2 Answers | Add Yours
This is a symbolic expression, by which Willy means that his world is being destroyed. He is financially hard-up, he is on the verge of losing his long-term job as a salesman, and he is nervous and exhausted. He not only feels himself a failure, but his sons too seem to be going the same way. His only refuge is to think back to the past, when his sons were still young and the future seemed more promising (although even then he was struggling to make money).
Willy makes the remark, 'The woods are burning' to his younger son Happy, who was trying to cheer him up by promising him that 'I'm gonna retire you for life'. Willy is openly scornful of this, as Happy isn't making much money either and what he does make goes to paying rent on his apartment and on women. His other son Biff doesn't even have a regular job. His sons' lack of success makes Willy feel even worse. Willy feels that his life has turned out wrong and that it's all going to end in disaster - as indeed it does, when he ends up committing suicide.
Other people generally don't understand Willy as he tends to live in his own world of frustrated longings, shattered dreams, and constant harking back to the past. A remark such as 'the woods are burning' doesn't make much sense on the face of it, but it is an expressionist touch, a sign of the incessant despair and turmoil inside Willy. Trees and woods are important symbols of the play as a whole. Willy wistfully remembers the old days when there used to be trees in the neighbourhood; now the area is all built up and he feels 'boxed' in. Trees represent the natural world which Willy feels is being destroyed by modern, materialistic, competitive urban society - a society where he himself cannot cope. He is being destroyed along with the old, natural world. He and his sons all express a liking for 'the great outdoors', and we are constantly reminded of the fact that he is far more skilled as a carpenter than as a salesman. In short, he is in the wrong job.
When Willy says to Charley, his neighbour, 'I got nothing to give him, Charley. I'm clean, I'm clean' - he is talking about his son Biff. Biff is a deeply troubled man who has a strained relationship with Willy. He blames Willy a good deal for having foisted his own unrealistic dreams and expectations of great material success upon his sons. Yet, in the past, Biff used to idolize Willy. The changed relationship between them is another source of torment for Willy. Biff also despises Willy for having had a secret love affair.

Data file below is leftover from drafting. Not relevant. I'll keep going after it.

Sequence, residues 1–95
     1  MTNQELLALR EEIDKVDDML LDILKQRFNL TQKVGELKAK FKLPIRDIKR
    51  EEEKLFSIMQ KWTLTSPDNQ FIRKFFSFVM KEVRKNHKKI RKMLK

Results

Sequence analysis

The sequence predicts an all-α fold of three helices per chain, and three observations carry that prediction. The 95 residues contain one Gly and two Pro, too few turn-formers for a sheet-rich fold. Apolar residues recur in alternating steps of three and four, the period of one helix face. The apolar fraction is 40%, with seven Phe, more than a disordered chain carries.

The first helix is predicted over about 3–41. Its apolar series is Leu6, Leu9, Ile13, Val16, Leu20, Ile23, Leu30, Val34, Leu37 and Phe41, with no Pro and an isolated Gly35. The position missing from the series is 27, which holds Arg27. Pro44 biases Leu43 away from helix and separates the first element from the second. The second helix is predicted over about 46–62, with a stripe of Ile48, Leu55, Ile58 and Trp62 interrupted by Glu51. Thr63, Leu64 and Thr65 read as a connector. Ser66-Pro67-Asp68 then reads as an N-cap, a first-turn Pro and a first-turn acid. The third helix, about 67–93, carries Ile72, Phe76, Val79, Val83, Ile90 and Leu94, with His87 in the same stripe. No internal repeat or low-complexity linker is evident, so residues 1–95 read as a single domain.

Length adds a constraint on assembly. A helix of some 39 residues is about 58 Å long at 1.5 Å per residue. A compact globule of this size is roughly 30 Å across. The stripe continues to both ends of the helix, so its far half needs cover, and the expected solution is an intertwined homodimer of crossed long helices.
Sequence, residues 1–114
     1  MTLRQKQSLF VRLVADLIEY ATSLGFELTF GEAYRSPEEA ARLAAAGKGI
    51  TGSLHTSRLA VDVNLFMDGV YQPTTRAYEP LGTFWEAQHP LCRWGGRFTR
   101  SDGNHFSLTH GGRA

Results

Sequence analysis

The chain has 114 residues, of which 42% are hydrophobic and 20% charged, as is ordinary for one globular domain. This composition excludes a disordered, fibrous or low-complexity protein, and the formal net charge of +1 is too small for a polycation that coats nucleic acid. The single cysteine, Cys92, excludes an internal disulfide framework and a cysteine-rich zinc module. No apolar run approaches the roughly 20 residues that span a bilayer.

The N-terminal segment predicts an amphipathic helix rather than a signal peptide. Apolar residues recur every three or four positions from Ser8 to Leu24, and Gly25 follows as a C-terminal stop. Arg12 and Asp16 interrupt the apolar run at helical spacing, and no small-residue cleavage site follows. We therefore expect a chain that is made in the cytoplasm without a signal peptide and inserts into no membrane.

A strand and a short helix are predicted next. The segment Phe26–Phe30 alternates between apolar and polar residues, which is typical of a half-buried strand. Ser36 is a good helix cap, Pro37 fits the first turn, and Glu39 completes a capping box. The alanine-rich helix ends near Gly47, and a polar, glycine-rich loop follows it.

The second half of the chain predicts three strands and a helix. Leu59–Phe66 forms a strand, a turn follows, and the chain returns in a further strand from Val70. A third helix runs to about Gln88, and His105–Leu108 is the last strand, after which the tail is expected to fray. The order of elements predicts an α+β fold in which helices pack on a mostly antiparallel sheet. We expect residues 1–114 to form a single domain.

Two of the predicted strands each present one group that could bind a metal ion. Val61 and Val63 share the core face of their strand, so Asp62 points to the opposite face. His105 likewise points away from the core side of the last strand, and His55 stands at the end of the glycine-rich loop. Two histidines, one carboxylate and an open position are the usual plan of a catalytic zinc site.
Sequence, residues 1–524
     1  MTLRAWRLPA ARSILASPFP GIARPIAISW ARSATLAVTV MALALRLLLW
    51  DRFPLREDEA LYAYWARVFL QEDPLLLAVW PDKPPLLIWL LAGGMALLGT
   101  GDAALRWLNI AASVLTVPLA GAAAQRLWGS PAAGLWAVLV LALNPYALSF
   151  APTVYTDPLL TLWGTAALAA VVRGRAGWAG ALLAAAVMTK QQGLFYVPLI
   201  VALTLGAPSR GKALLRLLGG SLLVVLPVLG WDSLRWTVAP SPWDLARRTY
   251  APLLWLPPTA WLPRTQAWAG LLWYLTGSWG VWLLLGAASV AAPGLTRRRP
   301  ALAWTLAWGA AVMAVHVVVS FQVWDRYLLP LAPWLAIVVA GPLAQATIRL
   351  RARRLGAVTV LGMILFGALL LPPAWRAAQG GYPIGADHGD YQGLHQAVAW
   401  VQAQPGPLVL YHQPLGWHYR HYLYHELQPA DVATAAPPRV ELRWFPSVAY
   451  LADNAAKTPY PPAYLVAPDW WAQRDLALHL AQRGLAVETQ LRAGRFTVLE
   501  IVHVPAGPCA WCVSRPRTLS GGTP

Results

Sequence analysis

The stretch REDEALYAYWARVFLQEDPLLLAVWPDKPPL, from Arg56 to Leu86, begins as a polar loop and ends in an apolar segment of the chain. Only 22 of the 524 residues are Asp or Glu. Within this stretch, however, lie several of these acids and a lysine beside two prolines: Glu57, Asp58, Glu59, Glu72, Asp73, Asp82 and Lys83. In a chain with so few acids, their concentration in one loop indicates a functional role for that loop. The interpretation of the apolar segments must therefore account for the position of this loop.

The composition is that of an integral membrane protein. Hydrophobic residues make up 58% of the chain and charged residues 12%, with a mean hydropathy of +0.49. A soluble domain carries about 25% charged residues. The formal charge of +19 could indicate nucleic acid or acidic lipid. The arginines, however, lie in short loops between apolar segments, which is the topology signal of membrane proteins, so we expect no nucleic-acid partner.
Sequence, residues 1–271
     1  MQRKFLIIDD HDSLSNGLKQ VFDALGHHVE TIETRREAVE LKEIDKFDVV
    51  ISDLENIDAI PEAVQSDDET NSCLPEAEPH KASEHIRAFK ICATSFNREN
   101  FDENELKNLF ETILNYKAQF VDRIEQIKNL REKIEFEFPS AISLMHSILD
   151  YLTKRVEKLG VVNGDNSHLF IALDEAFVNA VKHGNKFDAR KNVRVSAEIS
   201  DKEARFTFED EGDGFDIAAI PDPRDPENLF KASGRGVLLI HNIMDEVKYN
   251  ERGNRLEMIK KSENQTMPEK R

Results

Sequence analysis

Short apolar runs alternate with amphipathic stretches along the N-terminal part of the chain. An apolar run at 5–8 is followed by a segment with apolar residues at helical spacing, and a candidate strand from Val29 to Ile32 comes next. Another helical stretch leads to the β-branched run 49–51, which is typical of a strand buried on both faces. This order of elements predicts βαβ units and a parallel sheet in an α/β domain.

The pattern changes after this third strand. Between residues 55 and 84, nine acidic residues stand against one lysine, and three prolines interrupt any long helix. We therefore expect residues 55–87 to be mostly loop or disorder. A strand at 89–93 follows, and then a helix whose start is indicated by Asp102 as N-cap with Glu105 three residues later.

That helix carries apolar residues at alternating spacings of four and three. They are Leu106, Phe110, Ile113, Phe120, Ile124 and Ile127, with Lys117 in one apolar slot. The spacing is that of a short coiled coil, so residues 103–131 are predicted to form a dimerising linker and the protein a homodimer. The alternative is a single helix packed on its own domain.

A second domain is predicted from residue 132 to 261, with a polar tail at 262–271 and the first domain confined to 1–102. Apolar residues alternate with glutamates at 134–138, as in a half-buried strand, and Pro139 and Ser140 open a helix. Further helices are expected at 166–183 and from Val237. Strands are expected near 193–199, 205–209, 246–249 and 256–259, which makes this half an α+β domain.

Willy feels terrible that Biff has turned out to be so unsuccessful in life, and bemoans the fact that he himself isn't rich enough to help him out financially - 'I got nothing to give him.' When he says, 'I'm clean', this means that he has been cleaned out, he has no more money; he is empty, stripped down to the bare bones financially. He might also mean that he is also spiritually and emotionally drained by this time; he is unable to offer Biff any kind of genuine moral encouragement and support.
"The woods are burning" because "the woods" represent the life path Willy didn't choose. Literally the timberland Ben offered him to manage. Looking back, he is confident in his older age that position was his golden ticket to success. One of his only hopes left in life is that he and his sons can find the figurative timberland in New York that will secure the success that passed him by. As his sons age and seem to be going in circles, he sees the opportunity for success forsaking them as well, and every day the woods burn more.
The "I'm Clean!" remark is a reference to his regret for being unfaithful to his wife. The suspicion that Biff hates him for being caught with another woman won't leave his mind. Believing that this caused Biff to go astray is too much for him to bear, but the thought haunts him. He makes this statement as he is playing a poker game in which his mind is torn between past and present. This statement is part of the struggle to communicate with Charley and shadows of the past simultaneously. He gets taken off to the past and answers Ben's memory, and has to try and fit these words into his talk with Charley.
We’ve answered 319,184 questions. We can answer yours, too.Ask a question